DEAR HARRIETTE: There has been a lot of growing tension amongst my family members. My family is normally easygoing and eccentric; however, lately things have been a bit toned down. One such incident that sparked this awkward tension is when my uncle openly stated his conservative political views. He made some pretty extreme comments to my aunts, who are all liberal. They had a huge fight, which led to screaming at the top of their lungs. Thankfully, the argument subsided after a while, but afterward, they have been talking less frequently. What can they do so that they can carry on the bond they once had and settle their differences? — In the Middle
The majority of the more than 25 million Americans living with asthma enjoy active, healthy lives. But for others, despite using high dose asthma medicines and avoiding triggers, severe symptoms are a part of daily life.
The House Utilities Committee passed legislation to prevent telemarketers from replicating phone numbers and misrepresenting the origin of a phone call.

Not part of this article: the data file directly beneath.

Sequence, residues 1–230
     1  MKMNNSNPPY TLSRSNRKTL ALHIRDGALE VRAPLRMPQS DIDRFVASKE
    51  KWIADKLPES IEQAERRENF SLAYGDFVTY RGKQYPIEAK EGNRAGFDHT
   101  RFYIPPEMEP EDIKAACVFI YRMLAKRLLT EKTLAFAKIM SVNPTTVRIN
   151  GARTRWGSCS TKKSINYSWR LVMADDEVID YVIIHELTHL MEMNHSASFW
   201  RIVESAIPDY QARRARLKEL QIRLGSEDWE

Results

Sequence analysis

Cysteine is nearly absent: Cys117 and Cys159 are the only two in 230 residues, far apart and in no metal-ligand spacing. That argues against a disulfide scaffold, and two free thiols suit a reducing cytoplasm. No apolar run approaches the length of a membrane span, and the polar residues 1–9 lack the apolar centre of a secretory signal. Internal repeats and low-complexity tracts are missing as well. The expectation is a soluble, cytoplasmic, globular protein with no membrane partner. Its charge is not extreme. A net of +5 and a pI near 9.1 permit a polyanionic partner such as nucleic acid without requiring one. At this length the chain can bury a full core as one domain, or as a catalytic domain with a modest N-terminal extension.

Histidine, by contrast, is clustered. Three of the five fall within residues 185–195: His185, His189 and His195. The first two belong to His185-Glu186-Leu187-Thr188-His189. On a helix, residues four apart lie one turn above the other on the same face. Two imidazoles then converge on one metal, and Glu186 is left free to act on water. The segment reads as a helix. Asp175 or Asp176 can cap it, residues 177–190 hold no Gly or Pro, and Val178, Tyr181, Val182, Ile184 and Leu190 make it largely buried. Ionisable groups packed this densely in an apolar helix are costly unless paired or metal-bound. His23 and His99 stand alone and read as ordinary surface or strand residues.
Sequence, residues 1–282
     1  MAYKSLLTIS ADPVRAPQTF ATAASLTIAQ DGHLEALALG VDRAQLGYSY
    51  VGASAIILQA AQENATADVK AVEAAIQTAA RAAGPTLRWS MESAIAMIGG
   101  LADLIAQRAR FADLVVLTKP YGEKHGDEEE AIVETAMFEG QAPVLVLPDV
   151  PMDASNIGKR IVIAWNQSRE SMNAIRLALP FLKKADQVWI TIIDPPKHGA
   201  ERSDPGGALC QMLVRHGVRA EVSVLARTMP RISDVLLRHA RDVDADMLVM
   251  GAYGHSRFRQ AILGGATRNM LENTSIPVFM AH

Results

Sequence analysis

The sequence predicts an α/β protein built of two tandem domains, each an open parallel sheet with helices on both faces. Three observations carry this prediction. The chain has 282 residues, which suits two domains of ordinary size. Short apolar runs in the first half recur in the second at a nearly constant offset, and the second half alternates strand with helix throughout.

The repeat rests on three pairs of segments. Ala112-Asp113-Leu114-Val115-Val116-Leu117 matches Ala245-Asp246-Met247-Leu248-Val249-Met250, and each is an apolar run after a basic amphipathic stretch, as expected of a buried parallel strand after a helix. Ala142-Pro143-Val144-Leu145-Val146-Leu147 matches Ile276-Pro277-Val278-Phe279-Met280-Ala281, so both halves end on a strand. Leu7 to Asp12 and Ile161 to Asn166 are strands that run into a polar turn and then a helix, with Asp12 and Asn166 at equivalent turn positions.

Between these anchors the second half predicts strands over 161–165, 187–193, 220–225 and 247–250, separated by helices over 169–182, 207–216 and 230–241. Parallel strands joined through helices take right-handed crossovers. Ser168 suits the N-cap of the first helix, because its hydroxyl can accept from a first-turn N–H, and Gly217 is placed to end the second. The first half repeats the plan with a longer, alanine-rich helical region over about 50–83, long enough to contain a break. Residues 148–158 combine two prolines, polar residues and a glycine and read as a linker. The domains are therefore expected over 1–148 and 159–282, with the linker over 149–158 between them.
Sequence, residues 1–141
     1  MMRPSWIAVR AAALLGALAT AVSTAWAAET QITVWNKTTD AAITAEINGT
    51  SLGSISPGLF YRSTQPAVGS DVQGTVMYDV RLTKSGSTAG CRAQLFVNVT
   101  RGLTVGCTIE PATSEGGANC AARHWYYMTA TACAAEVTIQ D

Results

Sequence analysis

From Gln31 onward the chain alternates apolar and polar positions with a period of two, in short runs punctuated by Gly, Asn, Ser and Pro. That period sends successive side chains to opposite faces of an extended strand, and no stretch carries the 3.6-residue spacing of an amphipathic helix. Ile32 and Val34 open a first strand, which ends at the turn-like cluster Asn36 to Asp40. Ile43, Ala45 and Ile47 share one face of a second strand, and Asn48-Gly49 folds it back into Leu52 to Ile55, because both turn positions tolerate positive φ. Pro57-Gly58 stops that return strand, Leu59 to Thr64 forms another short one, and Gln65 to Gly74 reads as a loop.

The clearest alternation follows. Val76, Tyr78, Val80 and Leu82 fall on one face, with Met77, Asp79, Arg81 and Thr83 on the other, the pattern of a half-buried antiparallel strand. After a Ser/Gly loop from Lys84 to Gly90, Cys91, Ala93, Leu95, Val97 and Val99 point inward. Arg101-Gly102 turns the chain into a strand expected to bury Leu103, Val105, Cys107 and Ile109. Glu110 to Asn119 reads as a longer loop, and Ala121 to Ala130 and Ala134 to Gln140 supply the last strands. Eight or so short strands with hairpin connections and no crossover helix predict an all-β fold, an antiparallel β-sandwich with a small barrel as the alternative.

Dear Reader: You’re one of the estimated onethird of Americans who decided to change something about their lives in the new year. And according to a recent survey by YouGov, your goal to start exercising is among the most popular resolutions. (Saving money, losing weight, healthy eating and lessening stress round out the top five.) But as the hundreds of self-help books published each year remind us, change is hard. Even the most disciplined person does better with a game plan.
DEAR HARRIETTE: My neighbor, who is a good friend, confided in me that she is having an affair with a guy at her job. It came up because she asked me if I would watch her kids last-minute one evening. When I asked her what was going on — because she is usually well-organized and responsible — she admitted that she was going to meet up with this guy. This was so awkward for me. I took the children, but I don’t want to be in the middle of this. I am friendly with my neighbor’s husband, and I don’t want to be complicit in the machinations of an affair. It’s not easy. My friend has already asked me to watch her children again. That wouldn’t be abnormal, but now that I know why she is asking, I want no part of it. What should I do? — In the Middle